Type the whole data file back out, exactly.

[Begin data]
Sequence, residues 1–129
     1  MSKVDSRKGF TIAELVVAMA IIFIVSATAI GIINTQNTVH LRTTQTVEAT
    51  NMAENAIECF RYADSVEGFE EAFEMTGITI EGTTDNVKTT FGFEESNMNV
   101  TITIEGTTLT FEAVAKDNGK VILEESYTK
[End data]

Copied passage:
Sequence, residues 1–129
     1  MSKVDSRKGF TIAELVVAMA IIFIVSATAI GIINTQNTVH LRTTQTVEAT
    51  NMAENAIECF RYADSVEGFE EAFEMTGITI EGTTDNVKTT FGFEESNMNV
   101  TITIEGTTLT FEAVAKDNGK VILEESYTK